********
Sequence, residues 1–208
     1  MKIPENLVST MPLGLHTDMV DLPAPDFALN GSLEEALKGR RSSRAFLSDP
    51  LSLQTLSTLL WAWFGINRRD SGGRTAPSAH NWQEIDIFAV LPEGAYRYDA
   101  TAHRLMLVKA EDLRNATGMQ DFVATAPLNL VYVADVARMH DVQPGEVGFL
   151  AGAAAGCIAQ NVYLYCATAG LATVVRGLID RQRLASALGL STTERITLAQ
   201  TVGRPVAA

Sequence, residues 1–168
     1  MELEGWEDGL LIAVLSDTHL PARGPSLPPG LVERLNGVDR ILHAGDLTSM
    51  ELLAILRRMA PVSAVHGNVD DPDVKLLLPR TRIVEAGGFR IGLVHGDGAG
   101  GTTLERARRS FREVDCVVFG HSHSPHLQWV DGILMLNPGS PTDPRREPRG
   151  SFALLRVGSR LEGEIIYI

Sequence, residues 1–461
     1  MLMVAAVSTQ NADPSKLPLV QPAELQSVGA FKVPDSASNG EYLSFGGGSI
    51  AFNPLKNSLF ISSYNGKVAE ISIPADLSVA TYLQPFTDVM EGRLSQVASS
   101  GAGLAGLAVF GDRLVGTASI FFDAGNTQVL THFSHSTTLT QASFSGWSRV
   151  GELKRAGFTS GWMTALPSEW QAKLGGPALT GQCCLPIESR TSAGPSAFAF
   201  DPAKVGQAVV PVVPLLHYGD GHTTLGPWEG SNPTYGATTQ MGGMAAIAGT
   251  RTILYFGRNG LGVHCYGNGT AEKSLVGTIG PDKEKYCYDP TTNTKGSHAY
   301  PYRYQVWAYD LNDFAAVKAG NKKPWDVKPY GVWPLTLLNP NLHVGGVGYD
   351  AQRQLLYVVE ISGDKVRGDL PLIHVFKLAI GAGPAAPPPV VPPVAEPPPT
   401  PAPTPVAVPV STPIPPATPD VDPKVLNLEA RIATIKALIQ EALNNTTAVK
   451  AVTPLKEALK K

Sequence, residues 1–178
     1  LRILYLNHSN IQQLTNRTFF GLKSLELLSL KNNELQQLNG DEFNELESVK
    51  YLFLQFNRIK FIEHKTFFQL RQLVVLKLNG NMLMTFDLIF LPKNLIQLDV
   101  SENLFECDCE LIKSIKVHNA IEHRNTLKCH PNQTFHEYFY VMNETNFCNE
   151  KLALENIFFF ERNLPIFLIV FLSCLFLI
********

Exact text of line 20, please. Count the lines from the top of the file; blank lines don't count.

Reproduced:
   351  AQRQLLYVVE ISGDKVRGDL PLIHVFKLAI GAGPAAPPPV VPPVAEPPPT